After entry in this court of the printed record of an appeal in a suit in equity in the Superior Court, this was the proper court in which to present a motion not previously presented in the Superior Court to dismiss the appeal for failure to give the clerk of the Superior Court the order in writing required by Section 135 of G.L. (Ter. Ed.) c. 231 for preparation of the appeal papers.
A letter to a clerk of courts merely requesting "an estimate for the preparation" of appeal papers in a suit in equity did not meet the requirement in Section 135 of G.L. (Ter. Ed.) c. 231 of an "order in writing" and, although the appellant intended the letter to be an order, the appeal was dismissed for lack of compliance with the statute.
Notice of the filing in this court of a motion to dismiss an appeal was not invalid merely because it was given the day before the motion was filed.
BILL IN EQUITY, filed in the Superior Court with a writ of summons and attachment dated August 1, 1936.
After entry in this court of appeals by the defendants, the plaintiff filed a motion that the appeals be dismissed.
G. P. Ponte, (S. E. Bentley with him,) for the plaintiff.
A. Auger, for the defendants.
RUGG, C.J. This suit in equity was brought in the Superior Court by the plaintiff against the defendants who, were alleged to be his copartners and the heirs, legatees, devisees or personal representatives of deceased copartners, for contribution of their share of money paid by the plaintiff to a bank on a note of the partnership. A final decree was entered in favor of the plaintiff on June 23, 1937. A claim of appeal from this decree was filed on July 9, 1937, in behalf of various defendants. Two others filed an appeal on July 12, 1937. On July 9, 1937, a letter of this tenor, referring to the case by name, was written by the attorney for the defendants to the clerk of courts: "Please obtain an estimate for the preparation of the record for the appeal to the Supreme Judicial Court by certain defendants represented by us, which appeal was filed this day. Enclosed you will find a suggestion of the necessary documents which have to be printed and those which need not be printed." This statement was followed by a further suggestion of an appointment for conference concerning documents to be printed. On August 6, 1937, a letter containing an estimate of cost of preparation of the case for the full court was sent by the clerk of courts to the attorney. On August 7, 1937, check for the amount of that estimate was sent by the attorney for the defendants to the clerk of courts, which was received on August 9, 1937. The transmitting letter simply stated that the check was enclosed to pay for the preparation of the case for the full court as estimated in the letter of the clerk of courts of August 6, 1937. The case was entered on the docket of the full court on October 2, 1937.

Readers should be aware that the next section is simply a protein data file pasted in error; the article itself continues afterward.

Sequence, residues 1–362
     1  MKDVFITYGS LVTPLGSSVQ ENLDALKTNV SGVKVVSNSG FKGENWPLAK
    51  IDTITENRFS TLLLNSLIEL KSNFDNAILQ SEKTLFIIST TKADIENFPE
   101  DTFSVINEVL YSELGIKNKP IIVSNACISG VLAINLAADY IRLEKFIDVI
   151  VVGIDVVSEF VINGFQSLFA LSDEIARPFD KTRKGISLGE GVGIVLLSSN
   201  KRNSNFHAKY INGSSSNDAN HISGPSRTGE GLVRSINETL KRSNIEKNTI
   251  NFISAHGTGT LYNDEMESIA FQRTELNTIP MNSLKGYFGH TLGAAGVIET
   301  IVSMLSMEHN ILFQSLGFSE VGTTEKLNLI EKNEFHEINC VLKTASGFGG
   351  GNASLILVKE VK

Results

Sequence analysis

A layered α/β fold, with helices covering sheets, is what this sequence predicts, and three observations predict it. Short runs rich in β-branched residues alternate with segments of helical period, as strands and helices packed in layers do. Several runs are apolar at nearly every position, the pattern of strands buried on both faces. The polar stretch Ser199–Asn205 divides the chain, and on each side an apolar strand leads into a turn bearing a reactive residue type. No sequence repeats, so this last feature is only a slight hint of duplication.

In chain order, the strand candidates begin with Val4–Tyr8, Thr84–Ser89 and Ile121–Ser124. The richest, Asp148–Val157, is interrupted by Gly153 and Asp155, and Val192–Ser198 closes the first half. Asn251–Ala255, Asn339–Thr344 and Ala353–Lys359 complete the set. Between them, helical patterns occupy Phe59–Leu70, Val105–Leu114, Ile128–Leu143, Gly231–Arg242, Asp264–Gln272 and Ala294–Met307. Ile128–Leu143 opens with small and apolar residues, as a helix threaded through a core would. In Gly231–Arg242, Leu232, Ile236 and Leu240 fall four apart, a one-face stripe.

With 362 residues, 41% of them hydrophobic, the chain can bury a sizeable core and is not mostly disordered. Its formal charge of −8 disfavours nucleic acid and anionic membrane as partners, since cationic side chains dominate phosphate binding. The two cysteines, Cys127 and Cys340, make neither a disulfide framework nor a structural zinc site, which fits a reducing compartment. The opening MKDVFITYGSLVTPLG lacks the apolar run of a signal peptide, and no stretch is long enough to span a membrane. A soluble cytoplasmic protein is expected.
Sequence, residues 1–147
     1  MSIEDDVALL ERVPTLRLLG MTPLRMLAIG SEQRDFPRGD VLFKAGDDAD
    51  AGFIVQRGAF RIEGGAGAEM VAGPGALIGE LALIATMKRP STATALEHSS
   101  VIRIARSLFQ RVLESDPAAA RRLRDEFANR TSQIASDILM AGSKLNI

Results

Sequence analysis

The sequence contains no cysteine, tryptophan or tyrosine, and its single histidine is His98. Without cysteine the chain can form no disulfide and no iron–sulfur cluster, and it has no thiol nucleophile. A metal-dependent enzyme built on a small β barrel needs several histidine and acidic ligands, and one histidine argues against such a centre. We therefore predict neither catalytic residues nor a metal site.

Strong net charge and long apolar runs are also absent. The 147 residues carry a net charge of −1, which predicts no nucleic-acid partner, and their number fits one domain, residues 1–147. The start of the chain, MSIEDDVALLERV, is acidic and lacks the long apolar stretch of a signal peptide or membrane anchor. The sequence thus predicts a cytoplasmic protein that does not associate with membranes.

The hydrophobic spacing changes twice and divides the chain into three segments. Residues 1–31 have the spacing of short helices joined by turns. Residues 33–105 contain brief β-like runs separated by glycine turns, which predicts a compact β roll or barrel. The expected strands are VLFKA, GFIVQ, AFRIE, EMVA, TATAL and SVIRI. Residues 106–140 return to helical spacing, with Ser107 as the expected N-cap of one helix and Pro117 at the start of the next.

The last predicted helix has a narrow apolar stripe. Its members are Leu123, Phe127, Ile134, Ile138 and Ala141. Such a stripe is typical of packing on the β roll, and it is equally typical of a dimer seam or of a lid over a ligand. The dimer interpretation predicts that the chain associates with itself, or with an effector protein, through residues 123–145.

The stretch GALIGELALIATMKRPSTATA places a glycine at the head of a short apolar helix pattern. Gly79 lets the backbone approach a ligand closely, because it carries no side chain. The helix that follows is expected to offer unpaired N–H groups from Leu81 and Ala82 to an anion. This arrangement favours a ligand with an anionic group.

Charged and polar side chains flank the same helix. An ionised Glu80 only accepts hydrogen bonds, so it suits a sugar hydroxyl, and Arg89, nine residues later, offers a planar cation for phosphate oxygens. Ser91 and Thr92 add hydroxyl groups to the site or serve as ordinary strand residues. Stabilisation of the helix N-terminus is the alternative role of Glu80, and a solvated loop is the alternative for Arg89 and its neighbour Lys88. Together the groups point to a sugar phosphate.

A motion was filed in the full court on October 28, 1937, that the appeal be dismissed for failure to comply with the requirements of G.L. (Ter. Ed.) c. 231, Section 135. The relevant provisions of that section are these: "In order to carry any question of law . . . to the full court . . . the party having the obligation to cause the necessary papers . . . to be prepared shall give to the clerk . . . of the court in which the case is pending, within ten days after the case becomes ripe for final preparation and printing of the record for the full court, an order in writing for the preparation of such papers . . . As soon as may be after receiving such written order, the clerk . . . shall make an estimate of the expense of preparation . . . and shall give such party notice in writing of the amount of such estimate. Such party, within twenty days after the date of such notice from the clerk . . . shall pay to him the amount of such estimate. . . ." The motion to dismiss the appeal was argued at the bar upon the facts therein set forth. They were accepted as true. There is no contention that they are not true. They have been narrated.
The defendants contend that the motion to dismiss in these circumstances cannot rightly be considered by the full court. That contention is not sound. The proper papers have been prepared and the case in form has been entered in the full court. It is to be disposed of here. Charbonneau v. Guillet, 278 Mass. 153 , 155. Silverstein v. Daniel Russell Boiler Works, Inc. 254 Mass. 137 , 139. Crawford v. Roloson, 254 Mass. 163 , 168. Dondis v. Lash, 277 Mass. 477 . Gora v. Neapolitan Ice Cream Co. 259 Mass. 463 . A motion of this nature, if seasonably presented in the court where the proceeding was pending, would be within the jurisdiction of that court. Littlejohn v. Littlejohn, 236 Mass. 326 , 329. Wiakowicz v. Hwalek, 273 Mass. 122 , 124. Hubbard v. Southbridge National Bank, 297 Mass. 17 . G.L. (Ter. Ed.) c. 231, Section 133, as amended by St. 1933, c. 300, Section 2. The action of that court as to the disposition of such motion may be reviewed in the full court on appropriate proceedings. Lanza v. Leveroni, 266 Mass. 563 , 565. McCarty v. Boyden, 275 Mass. 91 . That course of procedure